I have data loggers spread around the solar power system, and a single program that runs at midnight to collect the day's data and put it on a hard drive.

The bash script on the Ubuntu server steps through 7 Raspbian units that have the data collected and puts it in the proper place on the hard drive, in directories named by the units out there. I figured out how to take the generic names today.dat and today.png and save them with the day's date in the archive like 2017-08-10.png and 2017-08-10.dat

--> Occasionally one of the units will not respond due to some problem or other, and it blocks execution of the program.

So I would like to use ping to test whether the system responds before I decide whether to try to gather data from it.

My system names are all in the /etc/hosts file so I reference them by name.

For purposes of this question I am checking SOLAR - the one that monitors the charge controller and inverter behavior.

Here is what I have tried:

if $( ping -c 1 SOLAR | grep icmp* | wc -l ) eq 0
   (do stuff like ssh -e "gnuplot makepng" then scp the png and raw data)

(too complicated)


if [ $(ping -c 1 SOLAR >/dev/null) eq 0 ]
    then do the stuff

(looks OK but I don't understand the need for the square brackets)

There must be a better way.

I am hoping to do something more like

if $(ping -c 1 SOLAR) eq 0
   (do stuff)
   (then maybe echo "SOLAR didn't respond" | ssmtp myname@gmail.com

I haven't programmed bash in a couple of decades - used C shell most of the time. And I am getting way too much varying advice all over the net about the best way to do this.

So can anybody please suggest a simple way to do this?

  • You know to write foo eq 0, but don't know why [ ] is needed or that it's -eq? You need a bash tutorial. – muru Aug 11 '17 at 5:24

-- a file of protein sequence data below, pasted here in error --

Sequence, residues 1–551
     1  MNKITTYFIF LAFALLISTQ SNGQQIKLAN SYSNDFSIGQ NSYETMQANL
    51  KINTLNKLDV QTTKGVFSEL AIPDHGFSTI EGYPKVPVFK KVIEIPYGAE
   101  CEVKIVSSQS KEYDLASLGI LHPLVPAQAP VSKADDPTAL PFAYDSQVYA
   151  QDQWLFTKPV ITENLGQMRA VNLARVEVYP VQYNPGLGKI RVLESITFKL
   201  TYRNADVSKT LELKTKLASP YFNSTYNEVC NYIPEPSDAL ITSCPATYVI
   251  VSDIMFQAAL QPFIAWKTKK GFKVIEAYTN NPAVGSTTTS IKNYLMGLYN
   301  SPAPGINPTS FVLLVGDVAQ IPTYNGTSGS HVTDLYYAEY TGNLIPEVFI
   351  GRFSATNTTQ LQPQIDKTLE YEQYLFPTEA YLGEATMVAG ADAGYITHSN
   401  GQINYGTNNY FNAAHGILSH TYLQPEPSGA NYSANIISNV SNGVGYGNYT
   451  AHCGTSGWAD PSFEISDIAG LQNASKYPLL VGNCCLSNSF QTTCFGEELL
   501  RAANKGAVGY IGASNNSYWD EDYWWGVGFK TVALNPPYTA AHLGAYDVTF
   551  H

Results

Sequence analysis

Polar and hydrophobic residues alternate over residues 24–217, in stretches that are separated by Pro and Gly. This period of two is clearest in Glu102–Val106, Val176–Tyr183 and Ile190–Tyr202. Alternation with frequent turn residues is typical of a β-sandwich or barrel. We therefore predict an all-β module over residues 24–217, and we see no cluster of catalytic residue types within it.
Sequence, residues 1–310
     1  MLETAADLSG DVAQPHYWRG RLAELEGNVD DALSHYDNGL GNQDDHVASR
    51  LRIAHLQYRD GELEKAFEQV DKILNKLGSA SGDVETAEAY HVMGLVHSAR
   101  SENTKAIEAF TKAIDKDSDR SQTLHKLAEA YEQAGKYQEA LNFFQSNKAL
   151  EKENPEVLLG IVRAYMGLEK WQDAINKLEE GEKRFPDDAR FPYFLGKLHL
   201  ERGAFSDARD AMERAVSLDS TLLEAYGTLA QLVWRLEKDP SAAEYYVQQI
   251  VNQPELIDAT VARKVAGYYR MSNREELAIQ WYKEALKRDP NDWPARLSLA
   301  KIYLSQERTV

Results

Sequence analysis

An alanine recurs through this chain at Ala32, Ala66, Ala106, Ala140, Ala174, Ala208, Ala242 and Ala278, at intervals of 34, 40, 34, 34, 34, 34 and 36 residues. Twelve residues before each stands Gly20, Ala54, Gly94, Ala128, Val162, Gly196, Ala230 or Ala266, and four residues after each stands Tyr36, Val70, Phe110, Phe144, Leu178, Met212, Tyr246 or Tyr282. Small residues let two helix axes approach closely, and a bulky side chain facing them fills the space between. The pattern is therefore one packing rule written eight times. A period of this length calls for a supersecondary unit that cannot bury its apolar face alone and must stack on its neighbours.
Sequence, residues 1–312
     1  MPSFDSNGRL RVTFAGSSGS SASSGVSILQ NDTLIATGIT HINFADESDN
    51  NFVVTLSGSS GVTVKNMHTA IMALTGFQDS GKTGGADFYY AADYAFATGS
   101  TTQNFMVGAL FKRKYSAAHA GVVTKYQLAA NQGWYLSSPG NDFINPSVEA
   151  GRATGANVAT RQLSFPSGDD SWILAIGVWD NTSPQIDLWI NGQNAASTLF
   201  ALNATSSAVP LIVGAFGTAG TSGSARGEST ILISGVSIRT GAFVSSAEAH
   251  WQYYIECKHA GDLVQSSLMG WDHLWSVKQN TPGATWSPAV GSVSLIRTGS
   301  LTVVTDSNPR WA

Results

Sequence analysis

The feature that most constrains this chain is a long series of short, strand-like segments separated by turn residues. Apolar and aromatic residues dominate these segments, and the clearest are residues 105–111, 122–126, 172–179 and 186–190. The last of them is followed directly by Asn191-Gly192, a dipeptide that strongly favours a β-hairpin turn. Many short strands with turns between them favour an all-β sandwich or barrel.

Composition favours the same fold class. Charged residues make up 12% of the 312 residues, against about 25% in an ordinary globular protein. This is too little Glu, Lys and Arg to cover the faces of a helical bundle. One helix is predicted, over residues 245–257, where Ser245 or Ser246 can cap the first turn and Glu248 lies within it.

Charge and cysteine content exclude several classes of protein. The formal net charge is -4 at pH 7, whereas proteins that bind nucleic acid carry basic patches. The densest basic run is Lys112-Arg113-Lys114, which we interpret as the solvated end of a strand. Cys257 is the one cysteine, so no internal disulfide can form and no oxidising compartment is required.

• What can I say? I'm flattered you took the time to go through my 2500+ answers on SE to conclude that I couldn't write such an answer. – muru Aug 12 '17 at 14:12
  • Good point. Shifting from C Shell to bash (when I used to use korn long ago) is requiring some tutoring. And yes I have seen a lot of examples where you do so quite thoroughly, @muru, so I take that back. --> In any case, while you were weighing in about my lack of ability (the reason I had to ask the question), the answer was simultaneously being written and within a couple of hours was incorporated into my program, where it will now save me time every day. – SDsolar Aug 12 '17 at 23:15
  • it wasn't the lack of ability so much as the danger - say you wrote something that looks it works, but that was actually due to a quirk of syntax, and you deploy it somewhere where it can cause actual damage due to some edge case you couldn't test... – muru Aug 13 '17 at 0:06

It seems you are only interested in the exit status of ping i.e. whether you are getting ICMP ECHO_RESPONSE from the host to your ECHO_REQUEST; you can just do ping -c 1 ... and ping would exit with status 0 if the host is sending response, 1 if no response and 2 for unknown host.

You can easily use this with if construct; you don't need to count response, just use ping as if's condition as if would evaluate the exit status of ping to proceed to any defined branch:

if ping -c 1 SOLAR &>/dev/null; then
    ## Reachable -- do stuffs
    ## Unreachable -- do other stuffs

I am redirecting ping's STDOUT and STDERR streams to /dev/null as we are not interested in those.

| improve this answer | |
  • So the if statement will evaluate success or failure and I don't need to check the numerical return value, eh? This is short and sweet - just what I have been looking for. Thank you. – SDsolar Aug 11 '17 at 5:34
  • 1
    @SDsolar Read it as if true (exit status is not like the return value BTW). $() is called command substitution, it has specific use cases but not needed here. – heemayl Aug 11 '17 at 5:35
  • Thank you again, @heemayl. You have helped me a lot. I was having the midnight program email me a log file and needed to look at it carefully each day to catch anomalies. Now I get email alerts regarding only those sensors in need of a touch of TLC. That's a HUGE improvement. TNX AGN. – SDsolar Aug 12 '17 at 3:29
  • 1
    @SDsolar Great. Glad I could help :) – heemayl Aug 12 '17 at 8:02

Your Answer

By clicking “Post Your Answer”, you agree to our terms of service, privacy policy and cookie policy

Not the answer you're looking for? Browse other questions tagged or ask your own question.